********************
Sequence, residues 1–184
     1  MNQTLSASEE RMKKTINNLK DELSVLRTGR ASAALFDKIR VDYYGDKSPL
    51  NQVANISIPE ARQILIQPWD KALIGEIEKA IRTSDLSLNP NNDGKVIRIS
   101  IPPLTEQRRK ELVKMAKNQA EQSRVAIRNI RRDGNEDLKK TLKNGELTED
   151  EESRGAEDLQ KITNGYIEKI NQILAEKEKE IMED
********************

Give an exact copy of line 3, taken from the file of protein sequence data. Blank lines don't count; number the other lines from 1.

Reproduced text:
    51  NQVANISIPE ARQILIQPWD KALIGEIEKA IRTSDLSLNP NNDGKVIRIS